A small-scale 2009 British crime drama picked up as original programming for Encore, “The Take” offers the simple pleasure of Tom Hardy at his brutish, glowering best. Released from prison in the opening moments, his thuggish Freddie Jackson is so feral and simian as to recall Paul Muni in the original “Scarface,” setting up an awkward and eventually adversarial relationship with his more cerebral cousin, also well played by Shaun Evans. “The Take” is mob light, perhaps, but still unfolds in a manner that deftly pulls you through each of its four hourlong chapters.
Hardy’s Freddie is hardly a deep thinker. Instead, he’s prone to settling disputes with a broken bottle and asking questions later.
Cousin Jimmy (Evans) — who becomes his unlikely sidekick — hardly seems to be his match. Not only does he rely on his wits, but he even has a lovely girlfriend, Maggie (Charlotte Riley), who humanizes him — and doesn’t trust Freddie. Yet with mob boss Ozzy (the always-splendid Brian Cox) behind bars, the two are left to manage his dirty dealings, despite the growing tension between them. And without giving too much away, alliances shift in unpredictable ways over a period covering 10 years.
Beginning in the mid-1980s, the story, by Neil Biswas (adapted from Martina Cole’s novel) and directed by David Drury incorporates enough violence and tragedy to sustain a strong sense of menace — at least, until the final hour, where the payoff doesn’t quite equal the buildup.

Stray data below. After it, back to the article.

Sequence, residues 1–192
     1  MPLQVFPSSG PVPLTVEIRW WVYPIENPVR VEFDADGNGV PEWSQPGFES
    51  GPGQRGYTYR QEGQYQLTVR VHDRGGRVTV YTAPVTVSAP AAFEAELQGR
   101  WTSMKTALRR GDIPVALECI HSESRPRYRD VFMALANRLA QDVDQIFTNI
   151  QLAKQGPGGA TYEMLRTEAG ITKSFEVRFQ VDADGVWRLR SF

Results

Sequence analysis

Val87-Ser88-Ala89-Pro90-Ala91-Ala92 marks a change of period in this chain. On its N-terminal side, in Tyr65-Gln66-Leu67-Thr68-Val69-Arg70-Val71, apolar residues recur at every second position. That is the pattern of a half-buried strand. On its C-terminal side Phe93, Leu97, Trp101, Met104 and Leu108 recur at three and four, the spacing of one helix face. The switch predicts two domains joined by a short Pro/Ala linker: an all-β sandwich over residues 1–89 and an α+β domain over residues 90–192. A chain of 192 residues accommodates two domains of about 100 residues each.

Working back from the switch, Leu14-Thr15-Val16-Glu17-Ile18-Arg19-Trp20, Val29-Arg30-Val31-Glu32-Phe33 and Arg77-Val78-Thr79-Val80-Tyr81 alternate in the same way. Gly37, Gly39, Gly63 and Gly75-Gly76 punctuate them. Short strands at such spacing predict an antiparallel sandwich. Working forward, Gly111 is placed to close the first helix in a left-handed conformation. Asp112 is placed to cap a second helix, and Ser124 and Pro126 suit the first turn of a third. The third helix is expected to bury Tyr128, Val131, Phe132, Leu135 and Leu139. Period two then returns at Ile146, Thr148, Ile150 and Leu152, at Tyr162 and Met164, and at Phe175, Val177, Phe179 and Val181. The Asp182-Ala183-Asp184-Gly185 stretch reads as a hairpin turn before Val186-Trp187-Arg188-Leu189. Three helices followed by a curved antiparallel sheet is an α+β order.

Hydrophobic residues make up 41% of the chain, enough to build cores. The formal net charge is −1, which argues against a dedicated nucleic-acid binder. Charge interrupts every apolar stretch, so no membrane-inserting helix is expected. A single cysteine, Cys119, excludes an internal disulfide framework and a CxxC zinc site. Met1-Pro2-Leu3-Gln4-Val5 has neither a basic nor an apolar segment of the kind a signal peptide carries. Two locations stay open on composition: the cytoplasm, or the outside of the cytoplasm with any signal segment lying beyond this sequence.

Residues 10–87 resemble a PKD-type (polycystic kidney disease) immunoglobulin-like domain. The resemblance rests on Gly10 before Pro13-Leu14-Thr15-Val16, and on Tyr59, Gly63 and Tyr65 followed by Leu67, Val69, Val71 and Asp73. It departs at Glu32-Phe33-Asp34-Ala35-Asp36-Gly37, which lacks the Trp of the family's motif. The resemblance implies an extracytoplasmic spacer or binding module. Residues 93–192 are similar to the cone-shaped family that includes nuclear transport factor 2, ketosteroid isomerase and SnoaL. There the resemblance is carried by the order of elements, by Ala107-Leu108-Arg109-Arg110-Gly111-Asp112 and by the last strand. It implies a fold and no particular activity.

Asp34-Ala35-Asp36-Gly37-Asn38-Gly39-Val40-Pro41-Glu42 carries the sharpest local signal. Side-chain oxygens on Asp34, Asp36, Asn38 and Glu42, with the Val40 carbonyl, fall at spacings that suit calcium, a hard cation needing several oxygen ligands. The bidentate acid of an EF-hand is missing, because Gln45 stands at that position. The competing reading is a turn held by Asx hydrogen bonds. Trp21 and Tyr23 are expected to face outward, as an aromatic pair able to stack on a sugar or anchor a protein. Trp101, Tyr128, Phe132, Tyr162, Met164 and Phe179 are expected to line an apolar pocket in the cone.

Most of the drama naturally stems from the mercurial Freddie, a character Hardy — whose resume includes a terrific “Wuthering Heights” remake, before entering director Christopher Nolan’s orbit via “Inception” and the upcoming Batman sequel — turns into a seething, volatile presence. He’s the kind of functioning psychopath who can go off at a moment’s notice, and makes what otherwise could be a rather tired crime drama eminently watchable and suspenseful.
Although some of the cultural aspects of Britain in the go-go ’80s might not resonate with a U.S. audience, for Encore, the acquisition nevertheless qualifies as a no-brainer — offering pay-TV grit on the cheap.
In the process, the takeaway from “The Take” again proves an old showbiz saw: Cast the right actor as a mobster, and being bad can be pretty damn good.